Google this week announced a beta service that will offer DDoS protection to human rights organizations and media, in and effort to slow the amount of censorship that such attacks cause.
The announcement of Project Shield, the name given to the anti-DDoS platform, came during a presentation in New York, at the Conflict in a Connected World summit. The gathering included security experts, hacktivists, dissidents, and technologists, in order to explore the nature of conflict and how online tools can both be a source of protection and harm when it comes to expression, and information sharing.
"As long as people have expressed ideas, others have tried to silence them. Today one out of every three people lives in a society that is severely censored. Online barriers can include everything from filters that block content to targeted attacks designed to take down websites. For many people, these obstacles are more than an inconvenience -- they represent full-scale repression," the company explained in a blog post.
Project Shield uses Google's massive infrastructure to absorb DDoS attacks. Enrollment in the service is invite only at the moment, but it could be expanded considerable in the future. The service is free, but will follow page speed pricing, should Google open enrollment and charge for it down the line.
However, while the service is sure to help smaller websites, such as those ran by dissidents exposing corrupt regimes, or media speaking out against those in power, Google makes no promises.
"No guarantees are made in regards to uptime or protection levels. Google has designed its infrastructure to defend itself from quite large attacks and this initiative is aimed at providing a similar level of protection to third-party websites," the company explains in a Project Shield outline.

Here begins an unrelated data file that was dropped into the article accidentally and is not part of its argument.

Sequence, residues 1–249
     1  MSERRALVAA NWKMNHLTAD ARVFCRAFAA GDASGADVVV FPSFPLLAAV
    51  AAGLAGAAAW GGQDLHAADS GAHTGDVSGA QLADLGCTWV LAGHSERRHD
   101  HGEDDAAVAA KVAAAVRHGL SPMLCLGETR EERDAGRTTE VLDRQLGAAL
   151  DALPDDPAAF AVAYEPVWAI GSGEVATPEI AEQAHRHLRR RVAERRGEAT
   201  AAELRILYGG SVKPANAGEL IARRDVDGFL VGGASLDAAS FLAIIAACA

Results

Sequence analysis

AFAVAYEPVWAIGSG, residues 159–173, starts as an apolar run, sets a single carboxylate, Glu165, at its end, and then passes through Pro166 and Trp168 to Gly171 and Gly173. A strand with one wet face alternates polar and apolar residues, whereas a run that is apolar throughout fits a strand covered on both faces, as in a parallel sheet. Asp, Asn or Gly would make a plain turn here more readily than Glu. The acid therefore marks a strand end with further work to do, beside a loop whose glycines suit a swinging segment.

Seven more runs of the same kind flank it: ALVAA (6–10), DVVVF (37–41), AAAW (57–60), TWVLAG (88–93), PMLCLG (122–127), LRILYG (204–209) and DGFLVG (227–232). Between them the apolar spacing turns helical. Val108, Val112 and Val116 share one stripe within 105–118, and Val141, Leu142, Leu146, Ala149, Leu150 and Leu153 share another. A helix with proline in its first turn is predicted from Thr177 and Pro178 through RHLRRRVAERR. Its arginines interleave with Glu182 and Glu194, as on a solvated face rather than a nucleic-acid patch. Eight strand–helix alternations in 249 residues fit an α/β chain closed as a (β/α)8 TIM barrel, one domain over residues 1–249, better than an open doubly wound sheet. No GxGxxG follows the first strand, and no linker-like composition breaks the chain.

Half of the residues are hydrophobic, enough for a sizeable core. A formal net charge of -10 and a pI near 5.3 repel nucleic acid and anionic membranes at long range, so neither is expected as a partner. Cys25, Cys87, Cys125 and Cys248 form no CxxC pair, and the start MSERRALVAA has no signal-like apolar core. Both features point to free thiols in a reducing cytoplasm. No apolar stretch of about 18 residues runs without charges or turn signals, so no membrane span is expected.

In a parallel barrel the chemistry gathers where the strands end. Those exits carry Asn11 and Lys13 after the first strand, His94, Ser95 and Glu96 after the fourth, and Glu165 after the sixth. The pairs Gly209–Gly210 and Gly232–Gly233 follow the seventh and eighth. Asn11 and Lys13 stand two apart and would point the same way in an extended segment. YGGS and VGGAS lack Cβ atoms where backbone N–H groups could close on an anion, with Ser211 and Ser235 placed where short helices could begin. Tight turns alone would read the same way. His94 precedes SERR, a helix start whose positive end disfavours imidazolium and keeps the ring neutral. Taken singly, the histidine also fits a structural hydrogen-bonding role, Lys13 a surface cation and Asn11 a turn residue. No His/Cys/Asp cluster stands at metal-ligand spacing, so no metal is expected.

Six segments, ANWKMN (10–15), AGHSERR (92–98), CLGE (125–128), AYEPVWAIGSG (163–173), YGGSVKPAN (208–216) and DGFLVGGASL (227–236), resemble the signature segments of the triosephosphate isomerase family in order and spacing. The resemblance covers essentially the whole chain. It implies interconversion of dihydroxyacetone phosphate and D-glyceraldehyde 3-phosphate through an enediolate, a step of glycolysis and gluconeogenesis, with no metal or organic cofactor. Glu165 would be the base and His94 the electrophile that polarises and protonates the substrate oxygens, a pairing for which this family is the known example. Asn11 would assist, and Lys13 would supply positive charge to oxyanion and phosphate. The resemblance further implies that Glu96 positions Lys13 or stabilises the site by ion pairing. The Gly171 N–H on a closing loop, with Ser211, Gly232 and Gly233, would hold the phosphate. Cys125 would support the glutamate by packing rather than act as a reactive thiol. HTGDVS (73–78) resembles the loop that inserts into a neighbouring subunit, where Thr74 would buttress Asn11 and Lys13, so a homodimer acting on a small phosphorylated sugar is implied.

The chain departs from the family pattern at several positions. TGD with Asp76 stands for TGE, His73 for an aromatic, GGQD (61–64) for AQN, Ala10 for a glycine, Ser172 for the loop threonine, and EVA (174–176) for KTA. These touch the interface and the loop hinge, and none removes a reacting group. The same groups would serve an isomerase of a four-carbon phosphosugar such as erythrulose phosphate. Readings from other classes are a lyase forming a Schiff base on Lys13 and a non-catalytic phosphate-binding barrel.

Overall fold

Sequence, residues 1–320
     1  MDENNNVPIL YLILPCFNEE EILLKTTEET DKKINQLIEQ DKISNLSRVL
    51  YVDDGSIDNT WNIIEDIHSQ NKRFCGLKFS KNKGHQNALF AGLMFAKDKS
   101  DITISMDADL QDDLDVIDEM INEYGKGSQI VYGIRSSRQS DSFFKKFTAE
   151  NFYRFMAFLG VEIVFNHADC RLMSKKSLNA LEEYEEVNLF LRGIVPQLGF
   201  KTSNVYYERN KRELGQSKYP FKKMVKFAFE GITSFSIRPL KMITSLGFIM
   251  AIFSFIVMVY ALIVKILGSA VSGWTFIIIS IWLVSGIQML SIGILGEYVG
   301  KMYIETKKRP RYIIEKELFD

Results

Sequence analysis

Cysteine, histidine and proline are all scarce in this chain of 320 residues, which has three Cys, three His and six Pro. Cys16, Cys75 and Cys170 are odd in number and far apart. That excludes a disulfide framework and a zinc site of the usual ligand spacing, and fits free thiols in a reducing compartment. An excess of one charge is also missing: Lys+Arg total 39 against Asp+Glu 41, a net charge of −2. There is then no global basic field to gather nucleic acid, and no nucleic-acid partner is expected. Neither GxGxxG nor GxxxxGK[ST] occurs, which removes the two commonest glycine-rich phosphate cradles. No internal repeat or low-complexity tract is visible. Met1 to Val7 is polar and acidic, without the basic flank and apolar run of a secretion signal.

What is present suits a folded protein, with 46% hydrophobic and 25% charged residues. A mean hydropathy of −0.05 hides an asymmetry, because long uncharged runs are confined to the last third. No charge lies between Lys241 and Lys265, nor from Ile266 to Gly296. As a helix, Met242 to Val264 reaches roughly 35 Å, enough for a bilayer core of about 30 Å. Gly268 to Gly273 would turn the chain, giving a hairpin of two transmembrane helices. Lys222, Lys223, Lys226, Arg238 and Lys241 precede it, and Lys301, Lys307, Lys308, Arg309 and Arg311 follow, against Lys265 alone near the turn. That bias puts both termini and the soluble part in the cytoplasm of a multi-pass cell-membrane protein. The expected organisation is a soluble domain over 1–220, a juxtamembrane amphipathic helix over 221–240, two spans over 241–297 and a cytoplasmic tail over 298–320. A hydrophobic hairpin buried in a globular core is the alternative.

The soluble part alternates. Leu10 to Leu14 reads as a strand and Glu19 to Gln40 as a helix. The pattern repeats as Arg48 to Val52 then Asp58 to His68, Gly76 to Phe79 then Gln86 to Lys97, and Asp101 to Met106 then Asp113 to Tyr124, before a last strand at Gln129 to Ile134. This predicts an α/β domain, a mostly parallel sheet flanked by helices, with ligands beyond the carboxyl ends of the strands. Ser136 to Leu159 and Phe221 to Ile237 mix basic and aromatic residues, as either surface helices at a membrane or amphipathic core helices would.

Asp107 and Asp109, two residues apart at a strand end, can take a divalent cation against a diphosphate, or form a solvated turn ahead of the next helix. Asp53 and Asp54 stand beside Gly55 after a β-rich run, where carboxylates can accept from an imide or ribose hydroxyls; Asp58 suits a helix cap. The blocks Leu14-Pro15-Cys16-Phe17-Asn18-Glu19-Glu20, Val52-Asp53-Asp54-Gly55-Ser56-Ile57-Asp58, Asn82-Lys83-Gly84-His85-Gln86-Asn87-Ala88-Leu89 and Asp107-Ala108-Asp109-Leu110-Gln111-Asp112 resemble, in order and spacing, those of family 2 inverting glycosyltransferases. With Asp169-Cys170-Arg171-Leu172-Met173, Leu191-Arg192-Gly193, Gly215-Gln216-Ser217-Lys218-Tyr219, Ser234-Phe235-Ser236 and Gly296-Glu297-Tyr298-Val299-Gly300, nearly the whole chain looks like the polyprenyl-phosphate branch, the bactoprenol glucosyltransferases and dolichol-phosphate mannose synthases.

One problem Project Shield may inadvertently create is a change in tactics. If the common forms of DDoS attacks are blocked, then more advanced forms of attack will be used. Such an escalation has already happened for high value targets, such as banks and other financial services websites.
"Using Google's infrastructure to absorb DDoS attacks is structurally like using a CDN (Content Delivery Network) and has the same pros and cons," Shuman Ghosemajumder, VP of strategy at Shape Security, told CSO during an interview.
The types of attacks a CDN would solve, he explained, are network-based DoS and DDoS attacks. These are the most common, and the most well-known attack types, as they've been around the longest.
In 2000, flood attacks were in the 400Mb/sec range, but today's attacks scale to regularly exceed 100Gb/sec, according to anti-DDoS vendor Arbor Networks. In 2010, Arbor started to see a trend led by attackers who were advancing DDoS campaigns, by developing new tactics, tools, and targets. What that has led to is a threat that mixes flood, application and infrastructure attacks in a single, blended attack.
"It is unclear how effective [Project Shield] would be against Application Layer DoS attacks, where web servers are flooded with HTTP requests. These represent more leveraged DoS attacks, requiring less infrastructure on the part of the attacker, but are still fairly simplistic. If the DDoS protection provided operates at the application layer, then it could help," Ghosemajumder said.
"What it would not protect against is Advanced Denial of Service attacks, where the attacker uses knowledge of the application to directly attack the origin server, databases, and other backend systems which cannot be protected against by a CDN and similar means."
Google hasn't mentioned directly the number of sites currently being protected by Project Shield, so there is no way to measure the effectiveness of the program form the outside.
In related news, Google also released a second DDoS related tool on Monday, which is possible thanks to data collected by Arbor networks. The Digital Attack Map, as the tool is called, is a monitoring system that allows users to see historical DDoS attack trends, and connect them to related news events on any given day. The data is also shown live, and can be granularly sorted by location, time, and attack type.